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class 'discovery' was Re: revised version of semantics document

From: Jonathan Borden <jonathan@openhealth.org>
Date: Wed, 21 Aug 2002 21:26:17 -0400
Message-ID: <001001c2497a$ed3f94c0$6401a8c0@attbi.com>
To: "Peter F. Patel-Schneider" <pfps@research.bell-labs.com>, "Jos De_Roo" <jos.deroo.jd@belgium.agfa.com>
Cc: <phayes@ai.uwf.edu>, <www-webont-wg@w3.org>

Jos De_Roo wrote:
>
> [...]
>
> > > the one that I can go with is
> > >
> > >   :John a :Student .
> > >   :John a :Employee .
> > >   :C owl:intersectionOf ( :Student :Employee ) .
> > > OWL-entails
> > >   :John a :C .
> > >
> > > as all models of the premis are also models of the conclusion
> > > and no new existentials are introduced in the entailment rules
> > > (the lists in the conclusions are identical clones)
> >
> > Do you have a complete way of transforming from the natural entailment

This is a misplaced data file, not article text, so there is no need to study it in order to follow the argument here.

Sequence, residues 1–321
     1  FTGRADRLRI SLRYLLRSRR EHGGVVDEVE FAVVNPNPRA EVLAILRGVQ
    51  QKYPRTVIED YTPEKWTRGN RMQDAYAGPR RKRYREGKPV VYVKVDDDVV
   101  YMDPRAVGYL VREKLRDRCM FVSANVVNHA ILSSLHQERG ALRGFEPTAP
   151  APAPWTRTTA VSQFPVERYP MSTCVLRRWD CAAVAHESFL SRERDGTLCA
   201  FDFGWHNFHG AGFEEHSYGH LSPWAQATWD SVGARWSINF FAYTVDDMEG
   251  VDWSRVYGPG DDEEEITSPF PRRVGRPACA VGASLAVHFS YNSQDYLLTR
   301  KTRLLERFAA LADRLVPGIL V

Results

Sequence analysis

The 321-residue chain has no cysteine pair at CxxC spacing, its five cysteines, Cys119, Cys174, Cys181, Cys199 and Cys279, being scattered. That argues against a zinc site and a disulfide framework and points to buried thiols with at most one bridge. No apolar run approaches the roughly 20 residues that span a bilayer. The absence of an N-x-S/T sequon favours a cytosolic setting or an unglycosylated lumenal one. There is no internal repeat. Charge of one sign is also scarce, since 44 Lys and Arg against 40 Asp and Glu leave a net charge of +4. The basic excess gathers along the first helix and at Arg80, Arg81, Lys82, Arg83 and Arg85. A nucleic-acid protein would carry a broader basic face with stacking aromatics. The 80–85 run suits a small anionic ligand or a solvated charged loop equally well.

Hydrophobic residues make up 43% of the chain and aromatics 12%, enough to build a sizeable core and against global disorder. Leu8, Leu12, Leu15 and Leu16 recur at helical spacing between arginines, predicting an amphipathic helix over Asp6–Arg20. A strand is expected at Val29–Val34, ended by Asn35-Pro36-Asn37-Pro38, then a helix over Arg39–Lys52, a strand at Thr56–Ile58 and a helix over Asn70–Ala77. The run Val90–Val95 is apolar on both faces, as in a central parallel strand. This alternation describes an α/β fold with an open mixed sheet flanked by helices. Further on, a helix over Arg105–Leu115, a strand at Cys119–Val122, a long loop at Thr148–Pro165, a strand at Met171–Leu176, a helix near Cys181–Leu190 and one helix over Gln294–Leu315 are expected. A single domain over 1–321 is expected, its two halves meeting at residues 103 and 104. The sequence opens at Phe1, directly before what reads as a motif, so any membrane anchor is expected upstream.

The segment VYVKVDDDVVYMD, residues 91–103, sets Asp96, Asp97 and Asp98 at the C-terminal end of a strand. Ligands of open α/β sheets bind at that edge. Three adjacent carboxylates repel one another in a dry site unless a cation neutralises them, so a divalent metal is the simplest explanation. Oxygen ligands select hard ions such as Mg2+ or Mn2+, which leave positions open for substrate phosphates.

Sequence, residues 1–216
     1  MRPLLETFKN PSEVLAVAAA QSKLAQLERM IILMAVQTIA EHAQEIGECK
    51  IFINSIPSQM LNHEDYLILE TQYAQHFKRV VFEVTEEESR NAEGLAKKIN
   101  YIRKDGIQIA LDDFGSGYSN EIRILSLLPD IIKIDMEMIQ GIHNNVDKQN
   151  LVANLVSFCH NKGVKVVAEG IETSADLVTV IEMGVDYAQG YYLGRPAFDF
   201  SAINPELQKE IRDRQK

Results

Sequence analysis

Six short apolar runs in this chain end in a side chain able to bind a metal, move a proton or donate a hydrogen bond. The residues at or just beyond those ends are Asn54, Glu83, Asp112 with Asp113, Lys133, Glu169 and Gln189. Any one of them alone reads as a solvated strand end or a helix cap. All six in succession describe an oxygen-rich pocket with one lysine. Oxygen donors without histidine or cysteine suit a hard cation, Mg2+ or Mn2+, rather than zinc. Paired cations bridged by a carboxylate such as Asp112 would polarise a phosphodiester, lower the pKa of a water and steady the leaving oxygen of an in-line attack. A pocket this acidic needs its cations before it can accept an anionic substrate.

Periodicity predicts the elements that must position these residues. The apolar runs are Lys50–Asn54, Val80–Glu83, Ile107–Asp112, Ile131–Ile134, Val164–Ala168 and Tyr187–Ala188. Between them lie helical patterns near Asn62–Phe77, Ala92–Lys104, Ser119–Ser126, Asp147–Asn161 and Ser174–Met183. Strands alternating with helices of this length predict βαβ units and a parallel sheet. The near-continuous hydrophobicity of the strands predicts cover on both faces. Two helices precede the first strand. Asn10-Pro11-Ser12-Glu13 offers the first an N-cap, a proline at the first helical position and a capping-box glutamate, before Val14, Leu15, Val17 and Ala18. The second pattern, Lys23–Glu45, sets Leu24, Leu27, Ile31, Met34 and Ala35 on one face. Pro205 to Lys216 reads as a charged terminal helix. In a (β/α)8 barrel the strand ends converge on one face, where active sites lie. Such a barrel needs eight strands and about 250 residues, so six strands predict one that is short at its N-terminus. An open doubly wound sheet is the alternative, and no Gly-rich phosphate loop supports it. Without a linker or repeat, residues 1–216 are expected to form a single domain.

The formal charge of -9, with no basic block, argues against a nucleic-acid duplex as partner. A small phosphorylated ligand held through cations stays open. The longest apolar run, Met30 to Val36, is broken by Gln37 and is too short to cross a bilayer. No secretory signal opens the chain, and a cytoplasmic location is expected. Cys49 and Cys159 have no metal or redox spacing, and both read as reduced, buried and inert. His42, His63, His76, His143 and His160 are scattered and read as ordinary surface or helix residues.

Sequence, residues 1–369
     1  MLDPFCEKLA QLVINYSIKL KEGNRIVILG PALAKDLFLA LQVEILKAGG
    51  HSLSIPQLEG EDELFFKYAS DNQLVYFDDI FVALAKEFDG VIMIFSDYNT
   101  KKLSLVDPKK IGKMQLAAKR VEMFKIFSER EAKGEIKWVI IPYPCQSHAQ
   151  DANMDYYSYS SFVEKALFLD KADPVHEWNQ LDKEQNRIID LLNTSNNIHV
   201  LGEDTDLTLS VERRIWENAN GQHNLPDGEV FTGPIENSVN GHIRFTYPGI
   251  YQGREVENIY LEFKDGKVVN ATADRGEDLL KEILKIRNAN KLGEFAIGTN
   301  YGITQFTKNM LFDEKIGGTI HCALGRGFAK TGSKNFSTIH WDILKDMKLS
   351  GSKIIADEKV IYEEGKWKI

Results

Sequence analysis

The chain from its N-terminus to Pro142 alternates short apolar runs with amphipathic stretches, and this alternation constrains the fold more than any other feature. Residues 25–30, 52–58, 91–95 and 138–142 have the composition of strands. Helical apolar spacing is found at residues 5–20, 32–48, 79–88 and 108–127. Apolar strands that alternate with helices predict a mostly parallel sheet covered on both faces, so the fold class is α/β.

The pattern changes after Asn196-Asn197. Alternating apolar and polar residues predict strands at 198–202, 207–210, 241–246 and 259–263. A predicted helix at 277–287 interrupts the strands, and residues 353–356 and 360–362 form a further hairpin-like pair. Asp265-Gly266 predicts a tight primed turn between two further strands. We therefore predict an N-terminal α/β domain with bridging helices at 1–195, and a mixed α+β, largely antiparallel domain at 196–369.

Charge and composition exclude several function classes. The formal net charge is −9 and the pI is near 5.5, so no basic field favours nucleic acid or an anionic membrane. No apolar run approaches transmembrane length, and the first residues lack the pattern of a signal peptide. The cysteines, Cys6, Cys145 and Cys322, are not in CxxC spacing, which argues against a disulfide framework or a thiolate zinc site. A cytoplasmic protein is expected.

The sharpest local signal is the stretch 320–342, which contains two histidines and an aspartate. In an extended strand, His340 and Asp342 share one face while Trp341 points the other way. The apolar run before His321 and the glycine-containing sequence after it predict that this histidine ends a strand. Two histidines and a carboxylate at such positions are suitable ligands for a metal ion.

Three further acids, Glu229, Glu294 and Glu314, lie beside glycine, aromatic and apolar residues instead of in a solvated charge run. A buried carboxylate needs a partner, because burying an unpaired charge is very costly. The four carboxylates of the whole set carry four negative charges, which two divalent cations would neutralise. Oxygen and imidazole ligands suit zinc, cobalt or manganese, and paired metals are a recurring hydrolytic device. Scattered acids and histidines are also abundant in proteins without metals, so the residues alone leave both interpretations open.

> to
> > this entailment?
>
> well Peter, I don't know what you mean with "natural entailment"
> I guess it's the one that you wanted to hold i.e.
>    :John a :Student .
>    :John a :Employee .
>  OWL-entails
>    :John owl:intersectionOf ( :Student :Employee ) .
>
> but I still don't understand the question (and it's 3:12 AM here)
...
>
> and I think it is quite natural to explicitly give
>   :C owl:intersectionOf ( :Student :Employee ) .
>
> as a premis, no?
>

An advantage of entailing a class that isn't a premise (i.e. isn't already
named) is that the classifier might 'find' classes that naturally exist but
haven't been explicitly labelled. This might be useful, for example, in the
case where a cluster of symptoms, findings etc. indicate a brand new
disease. The advantage of not requiring the disease to be already
known/named is that given a knowledge base, an OWL classifier might
otherwise be able to discover new facts. This could be a big benefit, I
imagine.

Jonathan
Received on Wednesday, 21 August 2002 21:21:32 GMT

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